- Must be a Canadian citizen, a permanent resident of Canada, or a person registered as an Indian in Canada [Canadian Indian Act]
- Have sufficient financial proof to support the applicant
- In order to prove that the guarantor has sufficient money, the guarantor must provide proof of income.
The guarantor (and its co-signator, if any) must prove that they have sufficient income to support all those who will be financially responsible after becoming the guarantor. This includes yourself. If the applicant is invited to apply, the guarantor must provide proof that it can meet the income requirements for each of the three tax years preceding the application date.
The Immigration Bureau cannot assess whether the guarantor meets the income requirements until the guarantor officially applies.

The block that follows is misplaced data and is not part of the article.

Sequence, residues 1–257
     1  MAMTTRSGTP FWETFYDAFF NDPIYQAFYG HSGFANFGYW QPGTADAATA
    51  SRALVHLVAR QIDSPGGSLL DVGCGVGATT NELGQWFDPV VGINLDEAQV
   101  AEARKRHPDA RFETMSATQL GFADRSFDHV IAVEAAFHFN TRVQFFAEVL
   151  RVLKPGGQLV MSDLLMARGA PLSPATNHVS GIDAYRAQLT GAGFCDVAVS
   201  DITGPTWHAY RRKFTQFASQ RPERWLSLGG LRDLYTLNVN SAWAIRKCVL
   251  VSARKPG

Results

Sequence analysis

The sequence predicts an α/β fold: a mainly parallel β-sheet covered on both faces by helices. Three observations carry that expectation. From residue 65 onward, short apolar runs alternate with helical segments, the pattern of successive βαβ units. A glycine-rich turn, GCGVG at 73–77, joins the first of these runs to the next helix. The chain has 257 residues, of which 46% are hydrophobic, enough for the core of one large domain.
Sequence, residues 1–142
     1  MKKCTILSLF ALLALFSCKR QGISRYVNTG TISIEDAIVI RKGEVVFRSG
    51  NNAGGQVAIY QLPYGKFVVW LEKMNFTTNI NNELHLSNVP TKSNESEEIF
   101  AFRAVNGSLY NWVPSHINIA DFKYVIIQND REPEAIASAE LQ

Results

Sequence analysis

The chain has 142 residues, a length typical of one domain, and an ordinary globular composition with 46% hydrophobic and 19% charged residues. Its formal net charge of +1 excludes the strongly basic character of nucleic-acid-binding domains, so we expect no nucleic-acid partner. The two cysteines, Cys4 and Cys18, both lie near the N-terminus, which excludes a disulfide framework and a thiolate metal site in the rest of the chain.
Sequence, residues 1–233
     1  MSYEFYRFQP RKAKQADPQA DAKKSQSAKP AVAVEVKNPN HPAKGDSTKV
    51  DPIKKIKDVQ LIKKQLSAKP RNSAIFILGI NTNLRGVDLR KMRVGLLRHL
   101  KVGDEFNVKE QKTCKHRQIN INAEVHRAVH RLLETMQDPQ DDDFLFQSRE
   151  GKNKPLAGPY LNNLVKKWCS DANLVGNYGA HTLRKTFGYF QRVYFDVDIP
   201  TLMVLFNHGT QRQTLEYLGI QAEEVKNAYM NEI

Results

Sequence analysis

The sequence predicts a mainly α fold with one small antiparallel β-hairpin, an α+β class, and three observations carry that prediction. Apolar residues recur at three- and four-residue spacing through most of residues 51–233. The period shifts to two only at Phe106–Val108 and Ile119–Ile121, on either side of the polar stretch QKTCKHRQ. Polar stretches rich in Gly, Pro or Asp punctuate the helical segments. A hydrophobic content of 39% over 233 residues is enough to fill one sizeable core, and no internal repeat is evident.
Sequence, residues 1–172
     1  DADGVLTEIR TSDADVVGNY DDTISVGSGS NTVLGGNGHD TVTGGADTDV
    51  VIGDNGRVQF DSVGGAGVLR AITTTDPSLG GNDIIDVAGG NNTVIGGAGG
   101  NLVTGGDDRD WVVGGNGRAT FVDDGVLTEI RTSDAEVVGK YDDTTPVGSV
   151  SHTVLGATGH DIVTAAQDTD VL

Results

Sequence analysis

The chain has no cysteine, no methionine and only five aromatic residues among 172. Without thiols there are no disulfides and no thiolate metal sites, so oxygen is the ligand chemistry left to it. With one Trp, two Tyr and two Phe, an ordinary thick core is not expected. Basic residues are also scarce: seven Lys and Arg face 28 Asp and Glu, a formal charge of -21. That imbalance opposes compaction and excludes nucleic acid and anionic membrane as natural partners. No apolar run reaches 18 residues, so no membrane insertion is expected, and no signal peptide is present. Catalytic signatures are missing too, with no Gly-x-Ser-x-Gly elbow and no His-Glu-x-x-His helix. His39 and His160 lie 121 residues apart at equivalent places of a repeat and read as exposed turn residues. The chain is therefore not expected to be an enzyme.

(If you live outside of Quebec, to become a guarantor, you must commit to financially taking care of the person you sponsor for a period of time. We call this commitment a letter of commitment.)
Letter of Commitment:
The guarantor promises to provide 20 years of financial support to the sponsored family members and repay any provincial social assistance (funds from the government) that your sponsored family members receive during this period from the time they become permanent residents. You and your sponsored family members need to agree to assume certain responsibilities during the commitment period. We call it a “guarantee agreement.”
The Guarantee Agreement :